A successful product launch involves not just a strong marketing strategy and appealing product design but also the team that is responsible for finding new customers. The ideal solution for this challenge is an emergent sales and marketing process that can be executed at different times, on different teams, and in different locations. However, while many implementations of such processes have varying benefits, they fail to meet their full potential due to a lack of clarity around roles and responsibilities. With a clear understanding of your organization’s challenges and insights into how other organizations have solved them, you will be able to develop your digital discovery process. It should be adaptive enough to identify customer needs without becoming so prescriptive that it becomes difficult to test new assumptions or ideas.
Know who you’re talking to: To build an adaptive process, it’s vital to identify your customer base and what they need from you. Some of the questions you can ask in this step include: -Who do I want as my customers? -What are their pain points/needs? -What are their buying habits? -What are the challenges they face when interacting with my brand? -How do they find me today?
Define your objectives: Before you can begin to define your process, determine what you need it to achieve. What are the objectives of your process? Are you trying to find out how many potential customers you have in a specific geographic location? Is it necessary for the marketing team to be able to speak with potential customers directly and simultaneously with the sales team? Is there a need to provide quick feedback on which emails are effective in reaching customers and which should be deleted?
Set up your research framework: It can be challenging to figure out precisely what is going on in your business.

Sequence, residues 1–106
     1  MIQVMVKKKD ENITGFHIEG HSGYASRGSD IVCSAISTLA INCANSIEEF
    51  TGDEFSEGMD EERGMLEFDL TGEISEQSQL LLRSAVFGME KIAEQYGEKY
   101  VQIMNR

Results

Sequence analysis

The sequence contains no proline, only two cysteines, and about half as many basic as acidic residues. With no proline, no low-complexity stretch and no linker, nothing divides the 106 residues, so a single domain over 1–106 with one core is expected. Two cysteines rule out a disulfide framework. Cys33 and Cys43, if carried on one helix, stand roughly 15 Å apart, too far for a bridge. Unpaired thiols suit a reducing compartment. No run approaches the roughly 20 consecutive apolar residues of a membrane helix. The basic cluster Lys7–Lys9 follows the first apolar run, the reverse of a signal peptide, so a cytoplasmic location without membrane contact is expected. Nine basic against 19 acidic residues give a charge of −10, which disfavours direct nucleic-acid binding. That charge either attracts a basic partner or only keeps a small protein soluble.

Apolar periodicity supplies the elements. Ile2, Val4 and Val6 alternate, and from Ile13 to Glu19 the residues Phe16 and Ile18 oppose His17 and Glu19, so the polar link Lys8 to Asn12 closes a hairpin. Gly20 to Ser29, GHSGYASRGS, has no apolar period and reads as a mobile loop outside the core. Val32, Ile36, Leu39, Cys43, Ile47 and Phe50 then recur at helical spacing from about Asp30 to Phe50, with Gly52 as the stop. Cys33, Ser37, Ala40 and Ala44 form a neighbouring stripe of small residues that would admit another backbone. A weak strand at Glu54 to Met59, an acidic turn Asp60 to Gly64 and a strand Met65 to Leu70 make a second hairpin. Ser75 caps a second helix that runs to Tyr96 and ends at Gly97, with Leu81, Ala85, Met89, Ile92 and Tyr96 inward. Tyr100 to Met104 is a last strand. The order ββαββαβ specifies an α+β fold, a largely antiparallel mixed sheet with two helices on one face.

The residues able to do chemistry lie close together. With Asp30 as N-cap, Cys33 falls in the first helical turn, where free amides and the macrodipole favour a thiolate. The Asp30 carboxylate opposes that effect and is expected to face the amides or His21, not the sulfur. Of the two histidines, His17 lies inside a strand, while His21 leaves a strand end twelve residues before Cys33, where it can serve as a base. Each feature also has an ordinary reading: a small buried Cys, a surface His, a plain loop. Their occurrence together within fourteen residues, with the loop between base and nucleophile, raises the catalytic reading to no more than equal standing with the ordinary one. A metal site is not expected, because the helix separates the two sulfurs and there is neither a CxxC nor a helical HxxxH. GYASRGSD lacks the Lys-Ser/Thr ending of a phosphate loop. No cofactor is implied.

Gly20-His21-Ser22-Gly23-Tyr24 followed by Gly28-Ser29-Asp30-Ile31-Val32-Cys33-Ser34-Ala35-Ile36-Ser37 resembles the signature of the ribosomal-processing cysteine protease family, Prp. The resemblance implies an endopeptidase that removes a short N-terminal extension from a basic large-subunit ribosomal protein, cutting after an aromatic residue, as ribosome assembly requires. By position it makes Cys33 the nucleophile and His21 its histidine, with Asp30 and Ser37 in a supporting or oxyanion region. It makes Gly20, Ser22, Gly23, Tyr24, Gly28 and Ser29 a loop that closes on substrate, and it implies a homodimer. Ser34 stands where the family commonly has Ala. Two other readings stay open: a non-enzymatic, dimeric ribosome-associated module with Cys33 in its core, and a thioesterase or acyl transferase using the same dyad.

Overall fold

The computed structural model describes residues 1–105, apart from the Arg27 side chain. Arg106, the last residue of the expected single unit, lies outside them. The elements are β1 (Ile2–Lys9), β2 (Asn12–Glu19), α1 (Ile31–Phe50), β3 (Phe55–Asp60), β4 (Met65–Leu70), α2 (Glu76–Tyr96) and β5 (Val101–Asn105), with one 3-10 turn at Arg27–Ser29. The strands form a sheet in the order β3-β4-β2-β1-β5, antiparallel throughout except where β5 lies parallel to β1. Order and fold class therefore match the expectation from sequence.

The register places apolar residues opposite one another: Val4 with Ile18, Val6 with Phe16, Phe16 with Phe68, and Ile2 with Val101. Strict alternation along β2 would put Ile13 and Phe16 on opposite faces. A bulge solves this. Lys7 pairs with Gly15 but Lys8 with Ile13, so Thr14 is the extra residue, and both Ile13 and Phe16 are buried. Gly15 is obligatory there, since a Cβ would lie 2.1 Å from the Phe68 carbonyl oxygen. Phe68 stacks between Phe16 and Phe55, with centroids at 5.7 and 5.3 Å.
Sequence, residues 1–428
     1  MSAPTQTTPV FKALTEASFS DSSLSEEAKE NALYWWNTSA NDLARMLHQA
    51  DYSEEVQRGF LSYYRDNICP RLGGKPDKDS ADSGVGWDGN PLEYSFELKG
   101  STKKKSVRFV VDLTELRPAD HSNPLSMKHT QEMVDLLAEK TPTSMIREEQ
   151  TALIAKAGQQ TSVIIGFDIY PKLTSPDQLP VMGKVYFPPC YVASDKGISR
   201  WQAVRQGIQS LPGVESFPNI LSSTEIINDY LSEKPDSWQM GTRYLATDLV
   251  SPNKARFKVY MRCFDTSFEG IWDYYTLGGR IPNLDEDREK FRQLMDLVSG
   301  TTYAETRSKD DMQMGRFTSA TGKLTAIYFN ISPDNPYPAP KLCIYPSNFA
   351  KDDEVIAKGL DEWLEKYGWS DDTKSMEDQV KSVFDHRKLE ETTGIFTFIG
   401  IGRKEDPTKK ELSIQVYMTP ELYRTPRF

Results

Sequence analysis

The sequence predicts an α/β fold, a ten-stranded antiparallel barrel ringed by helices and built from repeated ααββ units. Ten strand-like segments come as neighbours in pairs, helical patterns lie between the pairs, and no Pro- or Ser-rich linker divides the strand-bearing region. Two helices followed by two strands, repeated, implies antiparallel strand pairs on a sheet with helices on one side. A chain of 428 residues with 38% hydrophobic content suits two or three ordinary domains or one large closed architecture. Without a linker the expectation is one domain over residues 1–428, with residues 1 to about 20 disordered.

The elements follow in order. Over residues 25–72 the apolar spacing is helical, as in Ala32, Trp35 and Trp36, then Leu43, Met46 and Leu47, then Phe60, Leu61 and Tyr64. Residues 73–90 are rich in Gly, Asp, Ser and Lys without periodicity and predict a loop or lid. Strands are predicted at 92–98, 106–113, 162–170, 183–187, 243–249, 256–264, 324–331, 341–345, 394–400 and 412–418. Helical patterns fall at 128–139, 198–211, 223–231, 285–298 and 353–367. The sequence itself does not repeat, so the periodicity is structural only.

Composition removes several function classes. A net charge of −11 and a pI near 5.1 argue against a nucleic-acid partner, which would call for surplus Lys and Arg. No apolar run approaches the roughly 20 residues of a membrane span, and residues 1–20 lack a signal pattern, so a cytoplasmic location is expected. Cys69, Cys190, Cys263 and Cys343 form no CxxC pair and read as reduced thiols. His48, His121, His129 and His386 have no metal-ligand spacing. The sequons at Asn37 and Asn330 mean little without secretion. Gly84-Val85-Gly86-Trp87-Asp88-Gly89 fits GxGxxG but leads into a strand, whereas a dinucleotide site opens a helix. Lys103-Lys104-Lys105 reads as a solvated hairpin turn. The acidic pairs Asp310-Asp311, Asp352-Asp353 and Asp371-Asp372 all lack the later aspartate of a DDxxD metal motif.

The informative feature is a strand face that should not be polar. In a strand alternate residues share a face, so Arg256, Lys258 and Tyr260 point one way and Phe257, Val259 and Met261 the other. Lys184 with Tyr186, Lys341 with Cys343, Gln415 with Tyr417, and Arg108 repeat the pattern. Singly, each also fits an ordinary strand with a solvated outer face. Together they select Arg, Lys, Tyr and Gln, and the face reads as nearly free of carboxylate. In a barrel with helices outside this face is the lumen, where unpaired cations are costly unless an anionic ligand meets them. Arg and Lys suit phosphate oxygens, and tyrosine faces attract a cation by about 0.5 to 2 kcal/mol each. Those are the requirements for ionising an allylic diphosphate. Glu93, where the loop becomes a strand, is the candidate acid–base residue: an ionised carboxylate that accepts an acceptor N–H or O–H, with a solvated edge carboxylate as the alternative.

- What are the most important customer needs?
- What are their motivations for buying from you?
- How much of each need can you satisfy with your product or service?
- How does the competitive landscape change over time?
Your first step should be to set up a research framework that will provide a foundation for building your digital discovery process. One example of a successful framework is an “ABC” approach. It starts with defining the company’s ideal customer, who they want to attract, and why they want to reach them. The next step is figuring out the buyer personas, which will help identify how customers might feel about your product or service, how they may engage with it, and what they might care about while using it. With this knowledge, you’ll know where to focus your user research efforts and digital discovery process.
Develop your hypotheses: One of the most valuable aspects of a discovery process is its ability to be flexible enough to accommodate new opportunities that may arise. This means that you should develop your hypotheses based on what you know about your current customer base rather than solely on experience. Although it can take time for hypotheses to be proven or disproven, it’s important to start with a hypothesis that is likely to lead to success and avoid being too deterministic in the beginning.
Test, analyze, and improve: The digital discovery process will help you test, analyze and improve your product, marketing strategy, and sales process. As a result, it will not just increase your revenue but also the efficiency of all key resources involved in the process. To achieve this goal, effective digital discovery should have three core components:
- Test – a focus on testing assumptions and ideas without making decisions that could lead to an expensive marketing campaign or damage product-market fit
- Analyze – using metrics to identify areas for improvement that can be quickly implemented for maximum impact
- Improve – the continuous improvement that guides decision-making based on data analysis
Conclusion: When it comes to finding prospects, your goal should be to find out who they are, what they want, and how they are going to purchase or use your products or services. It would be best to start by understanding your audience’s needs and wants, build a research framework with your company’s goals, and conduct research to test and improve your hypotheses.